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Sat, 2007-Aug-04

Reliable POST (reliable remote state creation)

Stefan Tilkov points to a recent work by Joe Gregorio: RESTify Day Trader

He highlight's Joe's suggestion to use PUT to reliably create server-side state. In particular, to lodge a purchase order. I have been suggesting this kind of approach for a while, but I have issues with Joe's specifics. I am particularly focused on how automated REST clients and services interact, so I take things a little beyond whatever works in the browser. I have issues with Joe's POST precursor and 303 response.

I'm not sure the POST used by Joe is entirely necessary. PUT is allowed to create the resource at the request URI, so creating it using a POST in an earlier request is not strictly required. The only thing necessary is for the client to discover or construct the url of the order that it is about to submit. I suggest either a non-cacheable GET that returns a different URL each time, or construction of the url with a client-supplied guid will be appropriate. Which is the most appropriate will depend on the exact situation.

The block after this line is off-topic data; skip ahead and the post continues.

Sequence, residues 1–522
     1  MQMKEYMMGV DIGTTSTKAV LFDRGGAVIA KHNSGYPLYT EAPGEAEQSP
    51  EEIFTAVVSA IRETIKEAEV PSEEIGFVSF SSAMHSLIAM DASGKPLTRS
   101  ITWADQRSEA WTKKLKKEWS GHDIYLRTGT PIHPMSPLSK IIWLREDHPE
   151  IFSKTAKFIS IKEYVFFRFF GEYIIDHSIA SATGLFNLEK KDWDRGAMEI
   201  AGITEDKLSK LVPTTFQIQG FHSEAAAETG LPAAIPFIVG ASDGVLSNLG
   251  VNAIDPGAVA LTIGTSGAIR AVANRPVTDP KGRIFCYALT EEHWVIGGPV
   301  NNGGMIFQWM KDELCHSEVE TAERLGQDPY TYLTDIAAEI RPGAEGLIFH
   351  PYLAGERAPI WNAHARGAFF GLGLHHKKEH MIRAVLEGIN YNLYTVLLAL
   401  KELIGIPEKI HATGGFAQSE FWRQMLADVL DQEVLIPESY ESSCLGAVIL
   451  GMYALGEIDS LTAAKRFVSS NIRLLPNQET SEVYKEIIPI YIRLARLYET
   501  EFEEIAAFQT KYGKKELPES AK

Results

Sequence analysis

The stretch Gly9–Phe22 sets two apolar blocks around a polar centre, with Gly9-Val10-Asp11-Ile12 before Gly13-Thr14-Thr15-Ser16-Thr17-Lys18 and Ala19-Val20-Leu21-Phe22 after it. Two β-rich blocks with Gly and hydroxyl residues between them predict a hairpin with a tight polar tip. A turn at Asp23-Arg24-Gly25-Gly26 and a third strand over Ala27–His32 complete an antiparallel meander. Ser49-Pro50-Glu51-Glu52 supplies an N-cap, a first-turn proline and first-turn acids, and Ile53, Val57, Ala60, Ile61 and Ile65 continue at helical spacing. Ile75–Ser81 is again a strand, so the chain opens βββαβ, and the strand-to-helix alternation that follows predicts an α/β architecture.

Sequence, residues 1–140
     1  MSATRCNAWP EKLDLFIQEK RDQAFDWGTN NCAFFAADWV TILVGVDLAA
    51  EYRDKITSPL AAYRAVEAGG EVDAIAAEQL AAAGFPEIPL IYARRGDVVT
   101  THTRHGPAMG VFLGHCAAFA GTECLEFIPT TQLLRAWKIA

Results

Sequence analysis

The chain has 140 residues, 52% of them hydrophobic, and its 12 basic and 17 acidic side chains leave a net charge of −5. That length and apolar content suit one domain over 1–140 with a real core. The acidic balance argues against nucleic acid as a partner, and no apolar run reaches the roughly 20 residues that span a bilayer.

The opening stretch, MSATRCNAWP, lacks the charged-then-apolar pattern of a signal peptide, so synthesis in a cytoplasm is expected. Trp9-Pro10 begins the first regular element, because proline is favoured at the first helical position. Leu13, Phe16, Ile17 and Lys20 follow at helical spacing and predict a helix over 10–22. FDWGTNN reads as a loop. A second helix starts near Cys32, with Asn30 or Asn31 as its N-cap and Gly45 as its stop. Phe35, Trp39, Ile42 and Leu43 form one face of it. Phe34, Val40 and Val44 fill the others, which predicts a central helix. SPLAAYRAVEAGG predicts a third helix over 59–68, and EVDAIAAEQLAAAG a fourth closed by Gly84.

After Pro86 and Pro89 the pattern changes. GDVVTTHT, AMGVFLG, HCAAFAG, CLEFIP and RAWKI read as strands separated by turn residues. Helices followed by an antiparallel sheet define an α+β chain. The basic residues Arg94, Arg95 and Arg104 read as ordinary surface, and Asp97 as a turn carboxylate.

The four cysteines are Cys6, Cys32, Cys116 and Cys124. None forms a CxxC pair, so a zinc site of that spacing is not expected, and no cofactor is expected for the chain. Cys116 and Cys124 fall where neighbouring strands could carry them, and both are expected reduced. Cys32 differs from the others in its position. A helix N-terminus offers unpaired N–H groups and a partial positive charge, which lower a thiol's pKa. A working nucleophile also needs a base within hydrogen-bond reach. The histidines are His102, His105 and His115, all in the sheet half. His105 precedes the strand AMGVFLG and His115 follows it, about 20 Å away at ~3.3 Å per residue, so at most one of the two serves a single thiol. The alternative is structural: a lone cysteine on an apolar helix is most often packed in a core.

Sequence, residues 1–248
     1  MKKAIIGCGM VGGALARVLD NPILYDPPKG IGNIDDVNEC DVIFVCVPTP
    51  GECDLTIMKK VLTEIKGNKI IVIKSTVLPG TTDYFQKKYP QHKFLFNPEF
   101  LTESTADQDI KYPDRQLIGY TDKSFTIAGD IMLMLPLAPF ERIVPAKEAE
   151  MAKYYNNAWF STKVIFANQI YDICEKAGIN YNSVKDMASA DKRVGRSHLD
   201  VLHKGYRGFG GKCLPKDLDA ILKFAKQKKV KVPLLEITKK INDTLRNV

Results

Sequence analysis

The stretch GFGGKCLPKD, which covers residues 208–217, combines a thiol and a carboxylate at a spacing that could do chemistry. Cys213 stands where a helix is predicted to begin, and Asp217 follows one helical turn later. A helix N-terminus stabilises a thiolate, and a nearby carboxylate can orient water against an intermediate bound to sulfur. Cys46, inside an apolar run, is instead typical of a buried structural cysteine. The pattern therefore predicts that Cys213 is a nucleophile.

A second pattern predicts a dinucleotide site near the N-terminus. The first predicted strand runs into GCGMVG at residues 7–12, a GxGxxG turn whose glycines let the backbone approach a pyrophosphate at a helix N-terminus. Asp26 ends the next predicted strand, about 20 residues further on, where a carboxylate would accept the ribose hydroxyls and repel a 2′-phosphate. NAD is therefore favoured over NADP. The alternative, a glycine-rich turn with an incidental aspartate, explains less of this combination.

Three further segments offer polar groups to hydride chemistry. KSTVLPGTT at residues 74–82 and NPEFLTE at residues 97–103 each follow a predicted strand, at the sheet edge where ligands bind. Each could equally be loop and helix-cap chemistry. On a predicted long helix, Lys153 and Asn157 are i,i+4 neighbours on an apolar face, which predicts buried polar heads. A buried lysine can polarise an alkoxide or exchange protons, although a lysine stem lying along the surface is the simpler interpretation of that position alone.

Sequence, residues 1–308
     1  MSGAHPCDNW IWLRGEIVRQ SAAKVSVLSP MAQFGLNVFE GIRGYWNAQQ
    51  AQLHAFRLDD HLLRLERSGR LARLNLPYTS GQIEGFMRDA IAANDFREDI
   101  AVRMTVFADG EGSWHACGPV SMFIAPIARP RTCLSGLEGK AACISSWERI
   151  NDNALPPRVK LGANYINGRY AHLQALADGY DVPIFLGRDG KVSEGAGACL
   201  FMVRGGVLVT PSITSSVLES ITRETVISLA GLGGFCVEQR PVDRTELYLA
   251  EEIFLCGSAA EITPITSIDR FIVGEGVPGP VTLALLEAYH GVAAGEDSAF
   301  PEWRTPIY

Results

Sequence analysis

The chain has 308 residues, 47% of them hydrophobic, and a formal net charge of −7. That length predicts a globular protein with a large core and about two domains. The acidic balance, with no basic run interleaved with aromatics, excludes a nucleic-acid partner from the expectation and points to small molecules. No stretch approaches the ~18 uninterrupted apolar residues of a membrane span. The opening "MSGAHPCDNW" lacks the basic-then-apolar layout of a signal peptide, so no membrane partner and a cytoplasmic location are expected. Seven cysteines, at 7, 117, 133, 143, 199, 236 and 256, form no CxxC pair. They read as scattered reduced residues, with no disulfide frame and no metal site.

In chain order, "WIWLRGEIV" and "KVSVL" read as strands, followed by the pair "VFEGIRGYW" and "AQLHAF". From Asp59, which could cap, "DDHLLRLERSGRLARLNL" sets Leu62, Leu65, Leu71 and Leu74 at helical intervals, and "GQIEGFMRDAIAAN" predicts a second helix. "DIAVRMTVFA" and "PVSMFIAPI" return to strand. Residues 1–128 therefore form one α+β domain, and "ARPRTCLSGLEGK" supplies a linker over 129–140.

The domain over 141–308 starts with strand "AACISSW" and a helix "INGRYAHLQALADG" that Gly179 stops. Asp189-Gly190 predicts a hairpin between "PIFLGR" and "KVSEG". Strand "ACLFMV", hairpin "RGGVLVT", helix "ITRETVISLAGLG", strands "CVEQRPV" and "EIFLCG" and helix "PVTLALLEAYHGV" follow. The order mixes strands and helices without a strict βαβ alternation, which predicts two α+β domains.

Preferred approach:

>> GET http://example.com/orderForm
(repeat if necessary)
<< 200 OK, form with http://example.com/order/1000 as submit element
   (non-cacheable, with a different submit url for each request)
>> PUT http://example.com/order/1000 (data)
(repeat if necessary)

Fallback approach:

>> PUT http://example.com/orders?guid=client-supplied-guid (data)
(repeat if necessary)

I also wonder about the use of 303. rfc2616 is clear:

"The new URI is not a substitute reference for the originally requested resource"

It isn't appropriate for a client to take this url and use it as the url of its order. The most it should do is retrieve the response to its PUT request using an additional GET request.

There is no need to "move" the resource to a new URL. The URL is its identity. This identity should not include the state of the order, and the identity of this resource should not change. The URL that the client issued the PUT to should be the one it continues to interact with for GET or PUT transactions with the order.

The move also puts stress on PUT's idempotency: If the client issues the request again after the move has occured, is it going to issue an additional order? Will it get a 410 Gone response? The former is a bug, while the latter is difficult to interpret. Did the server reject the request, or was it successful? 410 is unavoidable if the resource is DELETED before the client finishes repeating its requests, however in my view it should be an exceptional rather than a common case.

Benjamin.